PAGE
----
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Sudoku Puzzle Solver

If you want to be a better problem solver, there are three simple things you can do.

1. Learn problem solving techniques. The more you know, the better problem solver you can be.

2. Use the techniques repeatedly, until they are habit. This "programming" assures the power of your subconscious mind will be there to help you.

3. Allow many ideas to flow forth. You can always discard ideas later, or make them into something useful, but you have to have ideas first - and the more the better. Suspend judgment or any critical impulses until you have a list of possible solutions to look over.

Tools For The Problem Solver

The tools that you use as a problem solver are techniques, methods and approaches. As noted in item number one above, the more you know, the better your odds of finding creative and useful solutions to problems. Here is one to get you started.

Clarify The Problem

Have you ever had to stop in the middle of a project and ask "What exactly are we trying to do here?" A vague problem is a tough problem to solve, isn't it? If your spouse is unhappy with your house, for example, and you want to effectively solve that problem, you need to find out what specific things he or she is unhappy about.

Suppose you have been assigned to design a better employee scheduling system for your employer. What's better? Is it fewer hours on the payroll? Is it a schedule that makes for happier employees? These are questions that need to be asked.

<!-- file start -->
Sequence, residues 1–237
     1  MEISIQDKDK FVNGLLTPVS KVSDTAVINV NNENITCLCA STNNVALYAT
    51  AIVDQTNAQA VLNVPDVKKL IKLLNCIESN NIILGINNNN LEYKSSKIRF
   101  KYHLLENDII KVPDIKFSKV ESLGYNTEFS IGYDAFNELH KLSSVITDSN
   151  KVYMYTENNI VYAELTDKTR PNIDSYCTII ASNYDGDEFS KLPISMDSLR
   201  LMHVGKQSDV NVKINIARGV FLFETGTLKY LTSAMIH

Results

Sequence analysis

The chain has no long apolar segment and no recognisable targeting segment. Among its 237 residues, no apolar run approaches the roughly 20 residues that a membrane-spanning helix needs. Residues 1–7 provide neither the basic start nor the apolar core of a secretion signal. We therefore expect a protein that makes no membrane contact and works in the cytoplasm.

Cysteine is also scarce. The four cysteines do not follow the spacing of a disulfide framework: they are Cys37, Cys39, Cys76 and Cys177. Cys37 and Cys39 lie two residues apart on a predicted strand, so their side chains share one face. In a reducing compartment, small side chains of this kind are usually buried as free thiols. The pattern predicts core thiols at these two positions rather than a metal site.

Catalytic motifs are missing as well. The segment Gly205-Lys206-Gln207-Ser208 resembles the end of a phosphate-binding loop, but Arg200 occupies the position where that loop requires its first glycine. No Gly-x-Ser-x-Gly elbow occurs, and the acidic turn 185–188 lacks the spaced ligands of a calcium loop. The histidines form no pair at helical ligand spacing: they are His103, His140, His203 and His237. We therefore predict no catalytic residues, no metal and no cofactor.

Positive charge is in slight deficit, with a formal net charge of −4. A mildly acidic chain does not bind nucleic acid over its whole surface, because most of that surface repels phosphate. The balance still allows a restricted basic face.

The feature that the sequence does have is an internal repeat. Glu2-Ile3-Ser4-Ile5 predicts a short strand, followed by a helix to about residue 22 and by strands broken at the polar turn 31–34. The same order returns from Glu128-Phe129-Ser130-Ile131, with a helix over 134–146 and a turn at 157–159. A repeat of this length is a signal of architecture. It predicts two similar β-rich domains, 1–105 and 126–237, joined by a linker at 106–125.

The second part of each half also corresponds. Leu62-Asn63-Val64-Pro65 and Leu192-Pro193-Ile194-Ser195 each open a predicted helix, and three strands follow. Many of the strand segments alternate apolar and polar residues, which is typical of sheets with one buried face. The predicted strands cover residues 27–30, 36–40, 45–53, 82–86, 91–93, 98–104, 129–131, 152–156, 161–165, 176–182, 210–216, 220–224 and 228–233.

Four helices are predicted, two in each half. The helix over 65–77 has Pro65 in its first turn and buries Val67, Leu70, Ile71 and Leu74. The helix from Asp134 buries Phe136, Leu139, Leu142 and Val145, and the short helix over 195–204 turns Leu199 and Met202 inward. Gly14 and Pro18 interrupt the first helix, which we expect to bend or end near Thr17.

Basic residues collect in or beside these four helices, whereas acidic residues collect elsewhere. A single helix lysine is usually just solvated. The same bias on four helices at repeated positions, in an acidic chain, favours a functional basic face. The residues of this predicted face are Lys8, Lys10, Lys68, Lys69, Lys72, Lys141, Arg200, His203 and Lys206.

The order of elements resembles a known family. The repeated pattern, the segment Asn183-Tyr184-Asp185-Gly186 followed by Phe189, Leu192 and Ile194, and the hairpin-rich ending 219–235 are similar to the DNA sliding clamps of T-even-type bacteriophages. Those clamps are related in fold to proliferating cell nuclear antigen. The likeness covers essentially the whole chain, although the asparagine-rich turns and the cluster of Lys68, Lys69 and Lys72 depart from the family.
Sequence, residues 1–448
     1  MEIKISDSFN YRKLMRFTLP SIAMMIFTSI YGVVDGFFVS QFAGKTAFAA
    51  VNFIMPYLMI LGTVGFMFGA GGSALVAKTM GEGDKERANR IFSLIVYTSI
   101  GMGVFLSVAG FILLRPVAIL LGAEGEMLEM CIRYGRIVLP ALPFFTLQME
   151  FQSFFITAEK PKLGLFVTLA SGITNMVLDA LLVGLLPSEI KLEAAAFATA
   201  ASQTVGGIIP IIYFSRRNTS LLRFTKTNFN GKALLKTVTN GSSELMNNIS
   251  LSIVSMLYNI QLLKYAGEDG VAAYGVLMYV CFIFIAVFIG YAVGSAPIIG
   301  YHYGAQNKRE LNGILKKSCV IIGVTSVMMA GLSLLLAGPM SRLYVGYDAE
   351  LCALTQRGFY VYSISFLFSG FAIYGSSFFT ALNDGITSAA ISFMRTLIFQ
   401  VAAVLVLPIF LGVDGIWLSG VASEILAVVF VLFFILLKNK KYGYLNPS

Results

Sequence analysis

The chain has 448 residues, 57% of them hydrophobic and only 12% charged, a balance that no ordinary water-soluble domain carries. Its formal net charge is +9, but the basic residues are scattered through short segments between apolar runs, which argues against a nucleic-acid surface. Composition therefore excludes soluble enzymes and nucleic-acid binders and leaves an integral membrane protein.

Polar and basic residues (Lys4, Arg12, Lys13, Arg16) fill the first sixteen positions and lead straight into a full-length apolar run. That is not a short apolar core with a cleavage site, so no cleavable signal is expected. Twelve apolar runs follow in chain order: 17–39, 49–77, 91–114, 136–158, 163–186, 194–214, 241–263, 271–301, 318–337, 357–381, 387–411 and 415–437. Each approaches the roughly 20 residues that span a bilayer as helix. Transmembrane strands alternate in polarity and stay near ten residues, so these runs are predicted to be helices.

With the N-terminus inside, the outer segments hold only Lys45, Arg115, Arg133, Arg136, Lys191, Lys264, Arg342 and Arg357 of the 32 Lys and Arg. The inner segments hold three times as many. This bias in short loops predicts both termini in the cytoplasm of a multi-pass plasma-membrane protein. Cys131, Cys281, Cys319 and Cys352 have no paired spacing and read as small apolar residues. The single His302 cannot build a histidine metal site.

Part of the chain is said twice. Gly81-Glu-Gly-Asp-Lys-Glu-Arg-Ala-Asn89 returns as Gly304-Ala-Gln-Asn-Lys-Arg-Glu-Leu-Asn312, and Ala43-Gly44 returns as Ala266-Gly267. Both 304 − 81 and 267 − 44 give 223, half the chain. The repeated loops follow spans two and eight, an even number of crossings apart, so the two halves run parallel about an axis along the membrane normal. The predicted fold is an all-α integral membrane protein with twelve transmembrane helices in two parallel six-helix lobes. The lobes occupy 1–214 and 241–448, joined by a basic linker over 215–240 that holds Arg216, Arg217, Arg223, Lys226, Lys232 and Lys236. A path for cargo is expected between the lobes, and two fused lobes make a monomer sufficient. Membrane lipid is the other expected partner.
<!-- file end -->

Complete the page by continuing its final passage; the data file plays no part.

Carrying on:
To be a better problem solver you need to develop the habit of clarifying problems. Generally, this means asking the right questions. How do you ask the right questions? One way is to ask any question you can think of. For lack of a better way, this can work. It does tend to waste time, however.

What you really want is to identify the key elements of the problem. Asking "why do I care?," or "why is this problem important?" can not only clarify the problem itself, but can help to determine which problems you need to be working on first.

Working up and down the hierarchy of values is another way to clarify what the problem is. For example, suppose you start with the problem of "where to go on vacation." Asking why you need to solve this might lead you to the more important value of "wanting to have a good vacation." Looking at this may yield other solutions that resolve the "where" or make it less important.

Ask why you need a good vacation can lead you to the more important value of "having a good life." From that perspective, some might find that the vacation is an escape from an unsatisfactory job, and looking for a better career may be the more important task. In the end, you might just move your efforts back to choosing a vacation destination, but this process can help clarify why the problem needs to be solved, and suggest new ways to do that.

Clarifying what the problem is, and which is the most urgent or important problem, is a great way to be a better problem solver. Add it to your arsenal of problem solving skills.

Copyright Steve Gillman. For many more Problem Solving Tecniques, and to get the Brain Power Newsletter and other free gifts, visit: